Chesnara, the life insurance group that was spun out of Countrywide in May, said it had quadrupled its provision for mortgage endowment mis-selling compensation yesterday, after a spate of media stories and new regulations sent the number of claims rapidly upward.
Releasing its first set of interim results since its flotation, Chesnara said it had increased its compensation provisions by £11.75m to £16.5m, sending the group to a first-half pre-tax loss of £4.9m.
At its initial public offering at the end of May, the group announced it would be putting aside £4.8m for possible claims. However, on the same day the group came to market, the Financial Services Authority announced measures to ensure that insurers tell endowment policyholders how long they have before they need to make their complaints.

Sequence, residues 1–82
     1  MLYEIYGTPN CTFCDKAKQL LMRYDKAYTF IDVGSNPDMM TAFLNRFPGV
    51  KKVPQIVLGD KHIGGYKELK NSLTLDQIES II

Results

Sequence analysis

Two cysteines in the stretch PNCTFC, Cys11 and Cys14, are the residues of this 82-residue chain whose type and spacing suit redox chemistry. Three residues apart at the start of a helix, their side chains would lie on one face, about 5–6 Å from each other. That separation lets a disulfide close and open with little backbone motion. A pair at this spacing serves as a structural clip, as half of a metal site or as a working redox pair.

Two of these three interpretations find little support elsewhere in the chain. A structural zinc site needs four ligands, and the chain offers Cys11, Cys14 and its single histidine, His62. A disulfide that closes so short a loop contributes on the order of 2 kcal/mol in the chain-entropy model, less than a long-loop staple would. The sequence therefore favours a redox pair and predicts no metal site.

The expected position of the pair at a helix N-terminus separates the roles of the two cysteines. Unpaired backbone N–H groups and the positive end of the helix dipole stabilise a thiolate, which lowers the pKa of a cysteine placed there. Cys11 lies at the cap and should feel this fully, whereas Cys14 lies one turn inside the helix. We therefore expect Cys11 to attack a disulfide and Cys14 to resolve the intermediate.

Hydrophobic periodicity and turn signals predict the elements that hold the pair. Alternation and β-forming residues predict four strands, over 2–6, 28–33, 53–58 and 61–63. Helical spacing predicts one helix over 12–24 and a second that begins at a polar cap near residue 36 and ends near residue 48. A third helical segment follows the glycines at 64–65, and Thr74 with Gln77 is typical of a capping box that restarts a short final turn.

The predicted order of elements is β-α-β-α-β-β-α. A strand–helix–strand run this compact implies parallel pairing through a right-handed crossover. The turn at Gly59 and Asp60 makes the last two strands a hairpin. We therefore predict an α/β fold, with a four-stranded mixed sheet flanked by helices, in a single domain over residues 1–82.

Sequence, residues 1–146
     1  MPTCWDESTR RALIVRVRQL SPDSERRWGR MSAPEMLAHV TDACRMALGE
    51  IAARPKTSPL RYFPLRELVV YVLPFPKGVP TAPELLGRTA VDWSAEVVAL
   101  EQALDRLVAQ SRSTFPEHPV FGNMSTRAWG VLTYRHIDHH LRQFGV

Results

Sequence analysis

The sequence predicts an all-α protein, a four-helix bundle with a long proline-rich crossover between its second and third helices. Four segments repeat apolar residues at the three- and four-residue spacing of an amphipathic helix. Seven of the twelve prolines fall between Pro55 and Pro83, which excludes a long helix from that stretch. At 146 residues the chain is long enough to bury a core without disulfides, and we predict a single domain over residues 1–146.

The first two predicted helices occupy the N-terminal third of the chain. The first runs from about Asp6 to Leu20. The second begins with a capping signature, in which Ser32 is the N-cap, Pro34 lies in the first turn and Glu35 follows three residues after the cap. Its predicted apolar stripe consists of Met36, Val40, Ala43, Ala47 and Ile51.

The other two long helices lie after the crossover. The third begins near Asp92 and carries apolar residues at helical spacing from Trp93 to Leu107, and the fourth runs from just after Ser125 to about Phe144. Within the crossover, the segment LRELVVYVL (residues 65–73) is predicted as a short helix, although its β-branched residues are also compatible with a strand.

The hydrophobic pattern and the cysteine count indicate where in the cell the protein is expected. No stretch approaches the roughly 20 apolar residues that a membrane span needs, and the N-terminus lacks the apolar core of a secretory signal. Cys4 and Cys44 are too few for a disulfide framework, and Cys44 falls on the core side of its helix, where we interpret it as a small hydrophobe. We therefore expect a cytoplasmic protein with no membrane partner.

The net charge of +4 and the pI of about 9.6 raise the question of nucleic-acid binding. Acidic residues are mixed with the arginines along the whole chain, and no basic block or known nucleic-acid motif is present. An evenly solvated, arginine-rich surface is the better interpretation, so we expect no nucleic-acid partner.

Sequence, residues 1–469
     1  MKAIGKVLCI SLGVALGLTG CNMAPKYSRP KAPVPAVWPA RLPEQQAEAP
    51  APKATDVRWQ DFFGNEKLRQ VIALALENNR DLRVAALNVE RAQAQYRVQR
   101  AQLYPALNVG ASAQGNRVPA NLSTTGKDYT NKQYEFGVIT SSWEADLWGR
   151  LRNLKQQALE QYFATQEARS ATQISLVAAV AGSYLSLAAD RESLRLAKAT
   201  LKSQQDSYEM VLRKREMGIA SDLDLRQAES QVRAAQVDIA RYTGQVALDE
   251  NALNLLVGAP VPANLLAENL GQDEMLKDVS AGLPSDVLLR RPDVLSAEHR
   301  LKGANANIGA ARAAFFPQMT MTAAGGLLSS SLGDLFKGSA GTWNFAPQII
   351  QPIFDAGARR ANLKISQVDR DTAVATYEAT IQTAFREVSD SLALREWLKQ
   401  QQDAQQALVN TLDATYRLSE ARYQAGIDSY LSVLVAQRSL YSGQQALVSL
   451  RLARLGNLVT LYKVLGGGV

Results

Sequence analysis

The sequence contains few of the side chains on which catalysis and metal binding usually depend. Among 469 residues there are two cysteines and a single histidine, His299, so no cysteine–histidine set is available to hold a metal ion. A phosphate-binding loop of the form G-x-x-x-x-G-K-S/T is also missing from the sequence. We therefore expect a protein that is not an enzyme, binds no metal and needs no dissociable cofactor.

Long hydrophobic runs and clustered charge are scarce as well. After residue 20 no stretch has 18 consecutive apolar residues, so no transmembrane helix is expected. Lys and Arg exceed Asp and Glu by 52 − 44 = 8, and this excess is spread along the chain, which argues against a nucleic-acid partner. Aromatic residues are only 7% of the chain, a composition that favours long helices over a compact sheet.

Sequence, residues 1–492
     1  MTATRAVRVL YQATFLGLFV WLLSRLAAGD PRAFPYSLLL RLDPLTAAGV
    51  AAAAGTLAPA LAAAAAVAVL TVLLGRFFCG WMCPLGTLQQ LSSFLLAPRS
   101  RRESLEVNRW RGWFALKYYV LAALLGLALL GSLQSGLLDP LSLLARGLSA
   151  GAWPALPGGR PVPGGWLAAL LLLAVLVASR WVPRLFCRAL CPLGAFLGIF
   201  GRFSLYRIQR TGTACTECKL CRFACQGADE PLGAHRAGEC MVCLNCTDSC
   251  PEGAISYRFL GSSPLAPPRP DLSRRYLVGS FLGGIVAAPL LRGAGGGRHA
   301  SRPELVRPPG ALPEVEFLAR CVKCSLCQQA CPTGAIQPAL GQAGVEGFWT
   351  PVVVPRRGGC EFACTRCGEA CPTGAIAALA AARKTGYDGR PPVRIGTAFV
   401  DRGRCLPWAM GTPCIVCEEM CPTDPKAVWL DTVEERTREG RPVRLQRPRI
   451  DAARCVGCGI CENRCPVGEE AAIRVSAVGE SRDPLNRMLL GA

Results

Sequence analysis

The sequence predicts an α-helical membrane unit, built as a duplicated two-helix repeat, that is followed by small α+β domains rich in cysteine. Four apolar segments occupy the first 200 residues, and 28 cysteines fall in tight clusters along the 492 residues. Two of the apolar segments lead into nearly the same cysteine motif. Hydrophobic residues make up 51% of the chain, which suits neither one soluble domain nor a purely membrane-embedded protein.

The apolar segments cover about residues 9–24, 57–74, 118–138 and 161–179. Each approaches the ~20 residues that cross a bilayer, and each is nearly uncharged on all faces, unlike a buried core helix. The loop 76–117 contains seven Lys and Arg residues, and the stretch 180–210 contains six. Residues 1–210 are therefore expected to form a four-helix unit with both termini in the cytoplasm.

Chesnara's chief executive, Graham Kettleborough, said the FSA's move sparked a fresh wave of press coverage over mortgage endowments, leading many more people to file complaints over potential mis-selling.
Mr Kettleborough said: "You can map in the dates that certain things happened, and see the effects. The Treasury Select Committee's report into endowment mortgages earlier this year had a significant effect."
Chesnara's first-half loss compared with a loss of £9.1m in the same period last year. However, the group said its solvency position had improved significantly and prospects remained good.
Mr Kettleborough added: "A healthy surplus emerged from the existing book in the first half and operational costs were in line with expectations. This enabled us to accommodate significant strengthening of provisions, while declaring an interim dividend in line with that targeted in our listing particulars."
An interim dividend of 4.75p a share was declared, giving the group a yield in excess of 10 per cent.
Chesnara runs the closed life business of Countrywide Group, with the majority of its income coming from fees paid by policyholders. Its shares closed down 2.3 per cent at 94p yesterday, giving the company a market value of £80m.Reuse content